It was a bright and sunny day, so naturally I found myself in a cemetery.

Being from the countryside, I find it hard, sometimes, to be so surrounded by people. Cities are full of people, teeming with them out of every corner and crack in the pavement. There are times that I miss the peace of knowing how few people are within a mile of you at any given moment.

The cemetery itself was largely deserted. The sun was high in the sky and the air uncharacteristically warm, so most sane people had passed the grounds for the beaches 10 minutes away. I spent hours sitting in the sun, sketching, and wondering around the solid stones.

I’m fascinated by the contrast of TV aerials and the chimneys and spires of old buildings. For me it’s not so much about demonising the encroach of technology, but about time. We build buildings to outlive us, but also to represent us and our needs at the time we are building it.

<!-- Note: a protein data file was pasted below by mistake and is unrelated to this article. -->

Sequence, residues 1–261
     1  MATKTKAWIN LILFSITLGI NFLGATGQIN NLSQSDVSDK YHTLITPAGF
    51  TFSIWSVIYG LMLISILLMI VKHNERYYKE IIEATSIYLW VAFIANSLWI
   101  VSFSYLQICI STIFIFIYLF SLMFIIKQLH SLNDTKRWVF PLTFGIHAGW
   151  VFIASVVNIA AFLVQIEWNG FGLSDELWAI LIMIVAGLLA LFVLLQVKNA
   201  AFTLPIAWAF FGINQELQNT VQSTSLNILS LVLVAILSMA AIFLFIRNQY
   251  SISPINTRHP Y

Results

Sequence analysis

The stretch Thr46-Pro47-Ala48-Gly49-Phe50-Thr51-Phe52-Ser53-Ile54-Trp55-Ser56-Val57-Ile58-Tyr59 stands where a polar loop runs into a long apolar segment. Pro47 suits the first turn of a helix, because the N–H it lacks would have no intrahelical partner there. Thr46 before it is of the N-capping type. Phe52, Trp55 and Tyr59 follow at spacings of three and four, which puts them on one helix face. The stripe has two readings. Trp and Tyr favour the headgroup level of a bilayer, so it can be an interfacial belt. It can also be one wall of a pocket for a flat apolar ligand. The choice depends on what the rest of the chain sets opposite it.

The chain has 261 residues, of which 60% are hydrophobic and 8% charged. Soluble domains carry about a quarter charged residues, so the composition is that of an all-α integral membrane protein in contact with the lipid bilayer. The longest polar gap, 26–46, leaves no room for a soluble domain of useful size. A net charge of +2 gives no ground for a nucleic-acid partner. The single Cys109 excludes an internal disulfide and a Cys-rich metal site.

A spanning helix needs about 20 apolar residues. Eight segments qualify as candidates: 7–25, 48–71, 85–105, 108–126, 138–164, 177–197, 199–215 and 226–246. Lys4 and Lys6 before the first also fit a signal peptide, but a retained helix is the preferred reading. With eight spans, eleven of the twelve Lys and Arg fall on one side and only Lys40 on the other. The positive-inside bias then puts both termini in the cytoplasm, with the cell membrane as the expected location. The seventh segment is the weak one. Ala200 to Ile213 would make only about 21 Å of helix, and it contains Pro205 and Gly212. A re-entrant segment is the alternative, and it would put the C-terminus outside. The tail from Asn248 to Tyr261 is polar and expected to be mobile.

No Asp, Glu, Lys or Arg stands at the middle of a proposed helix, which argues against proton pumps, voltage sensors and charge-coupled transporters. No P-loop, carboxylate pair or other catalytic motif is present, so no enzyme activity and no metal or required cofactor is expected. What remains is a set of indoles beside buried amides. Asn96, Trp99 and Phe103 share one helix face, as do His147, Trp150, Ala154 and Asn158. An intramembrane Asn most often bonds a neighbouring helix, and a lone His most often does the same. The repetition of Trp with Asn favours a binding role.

The house I grew up in was an old farmhouse, surrounded by field. In primary school a guest speaker took in a Victorian map of the area, and there, down the hill from the school, was my house. It would have been used by labourers who used to work the fields, she had told us. Nowadays it has a TV aerial, wi-fi, and a log-burning stove.

The previous owner had died in my childhood bedroom. A house is a ghost as much as it is present, layers of new on layers of old. Some places have a funny way of collapsing time.


A blackbird pulls a worm from cemetery ground,

There are certain things that lay buried, yet to die.

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